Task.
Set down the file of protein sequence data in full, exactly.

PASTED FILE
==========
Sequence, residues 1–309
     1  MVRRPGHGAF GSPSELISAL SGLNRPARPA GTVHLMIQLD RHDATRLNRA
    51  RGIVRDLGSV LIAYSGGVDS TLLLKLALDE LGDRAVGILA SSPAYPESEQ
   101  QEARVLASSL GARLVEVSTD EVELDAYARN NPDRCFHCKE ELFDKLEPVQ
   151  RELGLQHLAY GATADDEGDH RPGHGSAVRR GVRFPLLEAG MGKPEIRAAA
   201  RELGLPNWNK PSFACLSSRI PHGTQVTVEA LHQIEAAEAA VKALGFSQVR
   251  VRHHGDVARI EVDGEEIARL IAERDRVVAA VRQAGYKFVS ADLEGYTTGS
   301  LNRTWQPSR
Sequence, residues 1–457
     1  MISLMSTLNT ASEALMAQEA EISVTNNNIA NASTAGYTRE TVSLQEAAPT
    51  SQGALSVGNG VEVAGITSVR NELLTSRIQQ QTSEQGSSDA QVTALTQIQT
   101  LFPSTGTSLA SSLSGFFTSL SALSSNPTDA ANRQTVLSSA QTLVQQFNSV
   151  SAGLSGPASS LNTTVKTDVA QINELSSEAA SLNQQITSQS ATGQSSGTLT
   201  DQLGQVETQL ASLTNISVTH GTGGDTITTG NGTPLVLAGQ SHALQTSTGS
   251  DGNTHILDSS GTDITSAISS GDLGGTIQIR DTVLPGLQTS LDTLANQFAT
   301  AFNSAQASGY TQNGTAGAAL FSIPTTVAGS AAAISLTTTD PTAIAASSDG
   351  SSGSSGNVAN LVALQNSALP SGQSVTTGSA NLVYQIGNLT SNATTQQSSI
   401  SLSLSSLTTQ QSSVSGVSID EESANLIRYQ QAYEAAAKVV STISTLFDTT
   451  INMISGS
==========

Sequence, residues 1–309
     1  MVRRPGHGAF GSPSELISAL SGLNRPARPA GTVHLMIQLD RHDATRLNRA
    51  RGIVRDLGSV LIAYSGGVDS TLLLKLALDE LGDRAVGILA SSPAYPESEQ
   101  QEARVLASSL GARLVEVSTD EVELDAYARN NPDRCFHCKE ELFDKLEPVQ
   151  RELGLQHLAY GATADDEGDH RPGHGSAVRR GVRFPLLEAG MGKPEIRAAA
   201  RELGLPNWNK PSFACLSSRI PHGTQVTVEA LHQIEAAEAA VKALGFSQVR
   251  VRHHGDVARI EVDGEEIARL IAERDRVVAA VRQAGYKFVS ADLEGYTTGS
   301  LNRTWQPSR
Sequence, residues 1–457
     1  MISLMSTLNT ASEALMAQEA EISVTNNNIA NASTAGYTRE TVSLQEAAPT
    51  SQGALSVGNG VEVAGITSVR NELLTSRIQQ QTSEQGSSDA QVTALTQIQT
   101  LFPSTGTSLA SSLSGFFTSL SALSSNPTDA ANRQTVLSSA QTLVQQFNSV
   151  SAGLSGPASS LNTTVKTDVA QINELSSEAA SLNQQITSQS ATGQSSGTLT
   201  DQLGQVETQL ASLTNISVTH GTGGDTITTG NGTPLVLAGQ SHALQTSTGS
   251  DGNTHILDSS GTDITSAISS GDLGGTIQIR DTVLPGLQTS LDTLANQFAT
   301  AFNSAQASGY TQNGTAGAAL FSIPTTVAGS AAAISLTTTD PTAIAASSDG
   351  SSGSSGNVAN LVALQNSALP SGQSVTTGSA NLVYQIGNLT SNATTQQSSI
   401  SLSLSSLTTQ QSSVSGVSID EESANLIRYQ QAYEAAAKVV STISTLFDTT
   451  INMISGS